Dartmouth held its 2010 commencement on Sunday. It was a rainy weekend, but the rain held off during the ceremonies. Scott’s daughter Deborah and my daughter Emily were among those who received an undergraduate degree.
Dartmouth being Dartmouth, it came as no surprise that there was a late controversy associated with the graduation of the Class of 2010. To encourage the graduates to contribute money to the College, the Class of 1960 (the 50-year reunion class) promised to donate $1,000 toward financial aid for every 1 percent of seniors that donated to the fund. It also promised to double that contribution (i.e., contribute a total of $200,000) if the Class of 2010 achieved 100 percent participation.
Eventually, all but one member of the graduating class contributed something. However, one student refused to contribute anything. And she stood by that position even as peer pressure mounted to push the Class of 2010 to 100 percent. The holdout student explained that she radically disliked her Dartmouth experience and strongly objected to the role Greek life plays at Dartmouth. Thus, she did not wish to contribute to a fund that would help others attend such an institution.
Although Greek life has its faults, my view of Dartmouth obviously differs considerably from this student’s. In fact, I was pleased to send my daughter to the College and, more importantly, she was delighted to attend for four years.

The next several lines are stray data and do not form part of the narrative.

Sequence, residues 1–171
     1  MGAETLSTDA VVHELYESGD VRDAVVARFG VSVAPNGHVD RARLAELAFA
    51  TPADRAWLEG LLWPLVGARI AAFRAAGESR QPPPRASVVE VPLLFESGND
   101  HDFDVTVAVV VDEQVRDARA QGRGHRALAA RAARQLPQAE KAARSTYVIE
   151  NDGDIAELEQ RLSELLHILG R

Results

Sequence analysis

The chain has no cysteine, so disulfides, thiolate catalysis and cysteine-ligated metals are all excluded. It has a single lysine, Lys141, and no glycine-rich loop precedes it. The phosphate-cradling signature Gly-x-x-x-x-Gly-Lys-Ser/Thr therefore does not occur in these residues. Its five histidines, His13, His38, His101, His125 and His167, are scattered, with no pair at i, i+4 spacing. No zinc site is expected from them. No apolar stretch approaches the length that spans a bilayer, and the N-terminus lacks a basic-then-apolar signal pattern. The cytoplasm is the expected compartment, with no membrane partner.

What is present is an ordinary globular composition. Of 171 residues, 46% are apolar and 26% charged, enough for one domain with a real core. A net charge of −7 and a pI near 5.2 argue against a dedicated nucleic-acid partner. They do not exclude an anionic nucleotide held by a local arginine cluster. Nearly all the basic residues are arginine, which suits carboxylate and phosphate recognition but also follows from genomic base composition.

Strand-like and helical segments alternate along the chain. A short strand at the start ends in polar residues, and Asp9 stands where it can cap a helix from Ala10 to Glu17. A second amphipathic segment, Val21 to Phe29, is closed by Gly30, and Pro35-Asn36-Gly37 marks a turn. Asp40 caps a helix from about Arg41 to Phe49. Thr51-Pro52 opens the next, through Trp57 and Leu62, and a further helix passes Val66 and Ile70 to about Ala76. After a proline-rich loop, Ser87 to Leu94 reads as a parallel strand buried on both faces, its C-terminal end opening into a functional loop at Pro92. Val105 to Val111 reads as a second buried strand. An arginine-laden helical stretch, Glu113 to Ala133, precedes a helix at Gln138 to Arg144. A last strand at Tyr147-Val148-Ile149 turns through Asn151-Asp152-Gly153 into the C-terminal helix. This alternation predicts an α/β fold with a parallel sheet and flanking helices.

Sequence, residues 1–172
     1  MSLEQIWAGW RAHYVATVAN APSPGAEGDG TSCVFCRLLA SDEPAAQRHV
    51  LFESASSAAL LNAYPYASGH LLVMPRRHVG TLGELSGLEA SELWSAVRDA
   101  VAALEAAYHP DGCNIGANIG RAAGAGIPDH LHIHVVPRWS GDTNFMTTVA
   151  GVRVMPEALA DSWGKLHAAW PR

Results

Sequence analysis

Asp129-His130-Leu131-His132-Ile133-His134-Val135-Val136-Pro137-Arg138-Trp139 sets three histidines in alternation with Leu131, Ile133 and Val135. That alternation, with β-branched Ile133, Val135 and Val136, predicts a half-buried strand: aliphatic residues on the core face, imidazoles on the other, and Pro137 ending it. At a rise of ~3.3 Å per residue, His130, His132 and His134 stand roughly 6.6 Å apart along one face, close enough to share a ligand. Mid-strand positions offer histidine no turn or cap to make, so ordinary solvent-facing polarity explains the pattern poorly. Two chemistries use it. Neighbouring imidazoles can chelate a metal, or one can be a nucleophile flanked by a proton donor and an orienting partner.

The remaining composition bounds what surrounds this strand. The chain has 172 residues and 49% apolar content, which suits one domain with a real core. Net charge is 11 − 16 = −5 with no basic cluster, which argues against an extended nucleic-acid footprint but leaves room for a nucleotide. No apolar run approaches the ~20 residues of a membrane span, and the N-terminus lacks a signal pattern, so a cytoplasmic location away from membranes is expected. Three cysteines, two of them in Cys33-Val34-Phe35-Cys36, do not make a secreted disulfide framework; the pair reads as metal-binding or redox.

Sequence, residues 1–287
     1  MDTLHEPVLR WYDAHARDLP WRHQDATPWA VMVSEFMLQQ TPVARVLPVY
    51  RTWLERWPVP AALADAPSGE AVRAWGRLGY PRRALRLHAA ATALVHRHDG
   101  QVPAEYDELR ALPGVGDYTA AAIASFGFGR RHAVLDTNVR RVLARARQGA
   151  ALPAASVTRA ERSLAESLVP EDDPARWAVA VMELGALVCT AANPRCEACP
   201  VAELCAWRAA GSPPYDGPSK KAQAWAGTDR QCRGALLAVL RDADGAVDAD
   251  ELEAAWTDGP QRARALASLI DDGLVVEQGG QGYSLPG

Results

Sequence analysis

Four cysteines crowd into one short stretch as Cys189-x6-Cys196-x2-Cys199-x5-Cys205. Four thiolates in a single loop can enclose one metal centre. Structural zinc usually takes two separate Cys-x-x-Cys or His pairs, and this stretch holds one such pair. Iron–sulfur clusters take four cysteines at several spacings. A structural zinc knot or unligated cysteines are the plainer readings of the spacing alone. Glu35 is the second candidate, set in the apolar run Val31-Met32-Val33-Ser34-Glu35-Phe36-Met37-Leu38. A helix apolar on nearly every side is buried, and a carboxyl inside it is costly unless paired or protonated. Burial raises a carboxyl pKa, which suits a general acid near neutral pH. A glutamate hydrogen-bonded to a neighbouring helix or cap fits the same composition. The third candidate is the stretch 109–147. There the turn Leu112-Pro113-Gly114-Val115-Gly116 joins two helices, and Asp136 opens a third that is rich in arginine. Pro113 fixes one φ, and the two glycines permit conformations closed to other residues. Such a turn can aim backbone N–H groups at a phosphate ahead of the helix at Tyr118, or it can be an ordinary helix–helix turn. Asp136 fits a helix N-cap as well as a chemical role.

Even so, I respect and admire this student and her courage of conviction. It may not have been easy for her to withstand the peer pressure and stick to her guns, though the lame “progressive” arguments as to why she should contribute to the College notwithstanding her “progressive” objections may have made it easier to hold the line. Given the student’s beliefs, refusing to contribute was, I think, the right thing to do.
For me, though, the real hero of the story is the Class of 1960. It decided to contribute the extra $100,000 even without 100 percent participation by the Class of 2010. Class of 1960 representative James Adler ’60 explained, “To get the Dartmouth student body, or any student body, to agree 100 percent on anything is impossible.” He added, “It’s great to ask for money for Dartmouth with great enthusiasm, but you don’t want to take it too far.”
There was some talk that the holdout student might be jeered when her name was called at graduation. I heard no negative reaction, though. I also heard none for Phil Aubart or for anyone else.
In the same spirit of good will, I won’t comment on the commencement addresses of the adults who spoke. The four valedictorians (all of whom had a perfect 4.0 grade point average over four years at the College) were good to excellent.
SCOTT adds: Text and video of the commencement speeches are accessible here. My favorite was the brief valedictorian address by Tomi W. Jun, who graduated two years late because his college education was interrupted for service in the Singapore military. “Little by little,” he says, “we bend the arcs of our lives in the direction of the people who we aspire to be.”
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